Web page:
Melissa Clark Cook: This “highly adaptable” vegetarian skillet chili from Melissa Clark is part of her series on cooking with pantry staples. Watch: Netflix’s feel-good documentary “Crip Camp” recalls a Catskills summer camp that fostered American disability rights activism. We made it a Critic’s Pick. Listen: Patrick Stewart reads Shakespeare on Twitter, Ballet Hispánico is on Instagram, and art museums are expanding their digital offerings. If you’re stuck at home and hankering for the fine arts, there’s plenty online. Smarter Living: Catastrophizing — imagining the worst-case scenario and planning for it — can be damaging. So take a breath, stick to the facts and follow these other suggestions for staying sane. And now for the Back Story on … A lost sense of smell There is growing evidence that anosmia — loss of the sense of smell — may be a coronavirus symptom. Medical experts said that people who lose their ability to smell or taste should isolate themselves for at least a week, even if they are otherwise asymptomatic. Sarah Maslin Nir, a Times reporter who covered a suburban outbreak, lost her sense of smell last week and later tested positive for the virus. She spoke to our colleague Jonathan Wolfe about her experience for our Coronavirus Briefing. When did you notice that you couldn’t smell? I had a socially distant lunch with a friend on Perry Street, at opposite ends of a stoop, and she passed me some Clorox wipes. And I thought, Unscented Clorox wipes? That’s weird. But then I looked at them, and they said “lemon scent.”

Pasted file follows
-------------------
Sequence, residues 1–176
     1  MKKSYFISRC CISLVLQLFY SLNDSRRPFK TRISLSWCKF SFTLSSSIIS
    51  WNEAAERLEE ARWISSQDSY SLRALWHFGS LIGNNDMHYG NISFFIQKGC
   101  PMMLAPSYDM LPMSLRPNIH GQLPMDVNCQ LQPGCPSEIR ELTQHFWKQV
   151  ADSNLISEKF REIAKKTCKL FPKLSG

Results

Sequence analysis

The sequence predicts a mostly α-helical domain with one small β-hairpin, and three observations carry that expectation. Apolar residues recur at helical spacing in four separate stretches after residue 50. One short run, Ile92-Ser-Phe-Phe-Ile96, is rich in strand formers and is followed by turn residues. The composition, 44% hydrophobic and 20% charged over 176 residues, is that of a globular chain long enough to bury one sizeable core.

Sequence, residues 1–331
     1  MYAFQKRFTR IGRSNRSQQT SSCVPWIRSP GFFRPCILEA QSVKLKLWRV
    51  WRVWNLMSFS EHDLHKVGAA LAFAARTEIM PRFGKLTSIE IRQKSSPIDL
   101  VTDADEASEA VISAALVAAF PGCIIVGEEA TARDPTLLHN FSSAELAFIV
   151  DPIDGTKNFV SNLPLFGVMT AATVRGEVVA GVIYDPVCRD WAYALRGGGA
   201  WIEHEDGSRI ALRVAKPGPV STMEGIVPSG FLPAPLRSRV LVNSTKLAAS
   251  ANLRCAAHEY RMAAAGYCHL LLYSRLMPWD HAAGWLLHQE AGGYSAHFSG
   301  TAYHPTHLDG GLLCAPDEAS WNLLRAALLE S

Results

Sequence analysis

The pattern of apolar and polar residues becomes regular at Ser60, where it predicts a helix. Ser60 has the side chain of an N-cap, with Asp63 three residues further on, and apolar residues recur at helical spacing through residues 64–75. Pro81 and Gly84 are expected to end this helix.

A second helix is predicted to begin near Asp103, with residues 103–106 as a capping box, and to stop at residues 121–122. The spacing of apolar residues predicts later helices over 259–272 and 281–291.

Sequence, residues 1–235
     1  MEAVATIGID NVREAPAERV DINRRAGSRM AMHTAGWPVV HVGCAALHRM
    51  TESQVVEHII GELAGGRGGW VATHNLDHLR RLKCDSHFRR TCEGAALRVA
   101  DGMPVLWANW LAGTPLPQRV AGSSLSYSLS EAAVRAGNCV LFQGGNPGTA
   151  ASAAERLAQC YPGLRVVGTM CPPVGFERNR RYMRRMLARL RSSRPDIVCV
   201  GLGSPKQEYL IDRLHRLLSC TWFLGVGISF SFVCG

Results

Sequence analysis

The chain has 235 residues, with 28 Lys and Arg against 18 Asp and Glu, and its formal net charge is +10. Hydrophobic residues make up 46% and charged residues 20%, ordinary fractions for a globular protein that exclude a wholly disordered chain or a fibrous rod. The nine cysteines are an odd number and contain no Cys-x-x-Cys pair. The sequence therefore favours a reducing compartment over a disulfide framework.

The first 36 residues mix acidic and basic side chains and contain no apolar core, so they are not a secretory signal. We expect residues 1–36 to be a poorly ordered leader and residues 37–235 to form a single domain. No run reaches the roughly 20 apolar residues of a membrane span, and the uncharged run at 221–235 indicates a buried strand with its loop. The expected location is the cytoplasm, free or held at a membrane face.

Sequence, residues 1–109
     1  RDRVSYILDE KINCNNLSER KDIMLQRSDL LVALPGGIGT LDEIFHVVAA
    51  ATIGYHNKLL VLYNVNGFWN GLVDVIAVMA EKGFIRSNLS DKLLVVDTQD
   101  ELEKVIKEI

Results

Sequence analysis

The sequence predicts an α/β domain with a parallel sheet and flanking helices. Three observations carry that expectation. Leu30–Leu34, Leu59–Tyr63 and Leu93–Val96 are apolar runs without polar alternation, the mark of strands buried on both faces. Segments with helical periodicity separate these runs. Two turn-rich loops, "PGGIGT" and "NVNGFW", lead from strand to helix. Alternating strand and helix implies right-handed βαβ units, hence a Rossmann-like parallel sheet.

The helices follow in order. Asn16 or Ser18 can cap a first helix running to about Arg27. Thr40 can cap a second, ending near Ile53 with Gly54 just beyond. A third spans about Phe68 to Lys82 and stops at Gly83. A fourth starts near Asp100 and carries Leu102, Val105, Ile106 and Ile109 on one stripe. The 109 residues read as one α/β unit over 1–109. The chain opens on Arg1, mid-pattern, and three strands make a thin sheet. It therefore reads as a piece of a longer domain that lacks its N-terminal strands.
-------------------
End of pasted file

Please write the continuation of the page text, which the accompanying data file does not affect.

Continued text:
Blossom season in North Macedonia. The loss of smell has been associated with the coronavirus. Ognen Teofilovski/Reuters What did you do next? I quickly made my exit, because I remembered reading an article about two Chinese health care workers and one sentence stuck out to me — that one of the women lost her sense of taste and smell. I went home, got my godmother on FaceTime, opened my spice cupboard and tried sniffing all of the spices. I sliced fresh ginger and practically put it up my nose and couldn’t smell it. Is anosmia your only symptom? I don’t have a cough or a fever, but I’m exhausted. And because I can’t smell, food is bland. Eggplant Parmesan tastes like a hot wet book. Has your sense of smell returned? Since I can’t smell, I don’t really have an appetite, but I’m still trying to eat nutritiously. After several days, my sense of smell briefly came back: I was making myself what I would normally make, a kale salad, and surprisingly, it did not taste like serrated paper. But shortly after that it went away again. How would you describe anosmia to others? It’s deeply unsettling. It’s a constant reminder that something is deeply wrong with your body. You can perk up and have a good moment or two, but then you eat your Cheerios and your heart misses a beat. A correction: Tuesday’s briefing cited an article that misstated the regulatory status of the drug thalidomide. It was approved in the 1990s for leprosy and, later, cancer treatment; it is not the case that it was never approved in the U.S. That’s it for this briefing. See you next time. — Chris Thank you